This case was tried in September after Yost v. Torok, 256 Ga. 92 (344 SE2d 414) (1986) was decided in June. That case redefined the torts of malicious use and malicious abuse of civil process into the new tort of "abusive litigation," to be used against any party who asserts a claim, defense, or other position with respect to which there exists such a complete absence of any justiciable issue of law or fact that it reasonably could not be believed that a court would accept the asserted claim, defense, or other position; or against a party who unnecessarily expands a proceeding, i.e., by abusive discovery, etc. "Lacking in substantial justification" means substantially frivolous, substantially groundless, or substantially vexatious. Yost was applicable to this case. Ferguson v. Doraville, 186 Ga. App. 430, 432 (2) (a) (367 SE2d 551) (1988); see Guernsey Petroleum Corp. v. Data Gen. Corp., 183 Ga. App. 790, 795 (4) (359 SE2d 920) (1987).
It is undisputed that when the petition for back rent and writ of possession were filed, plaintiff Leger was behind in his rent. Whatever the landlord's motives, this entitled it to possession of the premises. Perimeter Mall v. Retail Sense, 162 Ga. App. 465 (291 SE2d 392) (1982); Williams v. Housing Auth. of Columbus, 158 Ga. App. 734, 737 (282 SE2d 141) (1981).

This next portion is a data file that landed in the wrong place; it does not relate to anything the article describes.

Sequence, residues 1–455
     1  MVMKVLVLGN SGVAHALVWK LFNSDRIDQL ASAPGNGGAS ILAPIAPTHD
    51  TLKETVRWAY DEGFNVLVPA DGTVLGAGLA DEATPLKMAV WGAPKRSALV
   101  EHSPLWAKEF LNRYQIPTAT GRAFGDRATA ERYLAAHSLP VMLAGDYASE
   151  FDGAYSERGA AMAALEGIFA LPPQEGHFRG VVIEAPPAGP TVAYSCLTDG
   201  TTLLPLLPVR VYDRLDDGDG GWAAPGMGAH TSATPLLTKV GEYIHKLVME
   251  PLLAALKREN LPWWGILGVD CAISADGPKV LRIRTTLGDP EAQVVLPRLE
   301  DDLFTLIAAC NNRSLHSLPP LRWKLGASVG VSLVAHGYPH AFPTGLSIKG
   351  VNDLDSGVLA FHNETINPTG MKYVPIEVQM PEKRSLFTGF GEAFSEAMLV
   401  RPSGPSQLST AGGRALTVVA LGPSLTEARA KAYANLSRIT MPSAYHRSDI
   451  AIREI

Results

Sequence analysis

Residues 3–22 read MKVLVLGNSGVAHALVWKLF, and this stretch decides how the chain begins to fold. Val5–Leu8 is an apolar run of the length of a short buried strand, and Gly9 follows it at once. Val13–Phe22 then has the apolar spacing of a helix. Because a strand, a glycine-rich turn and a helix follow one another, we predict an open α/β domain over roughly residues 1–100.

From the date of the filing of the petition until the eviction of plaintiff on May 4 pursuant to the writ issued on February 14, plaintiff did not timely pay his rent. Whether he was considered a tenant at will, as he contends, or a tenant at sufferance, as Augusta contends, does not alter this fact. Thus, even if the payment of past due rent after the due date satisfied the money judgment, it did not resolve the issue of possession.
Under the old definitions of malicious abuse and malicious use of process, the use by a landlord of a writ of possession to obtain possession of his property was not an abuse of process, since the process was being used for the very purpose for which the law intended it. Crawford v. Theo, 112 Ga. App. 83, 87 (3) (143 SE2d 750) (1965). Nor was the writ which plaintiff claimed was used improperly sued out wholly without probable cause, nor did the underlying proceeding end in plaintiff's favor, making malicious use of process inapplicable. Yost, supra (3) (a); Strickland v. Royal Indem. Co., 230 Ga. 425 (197 SE2d 347) (1973).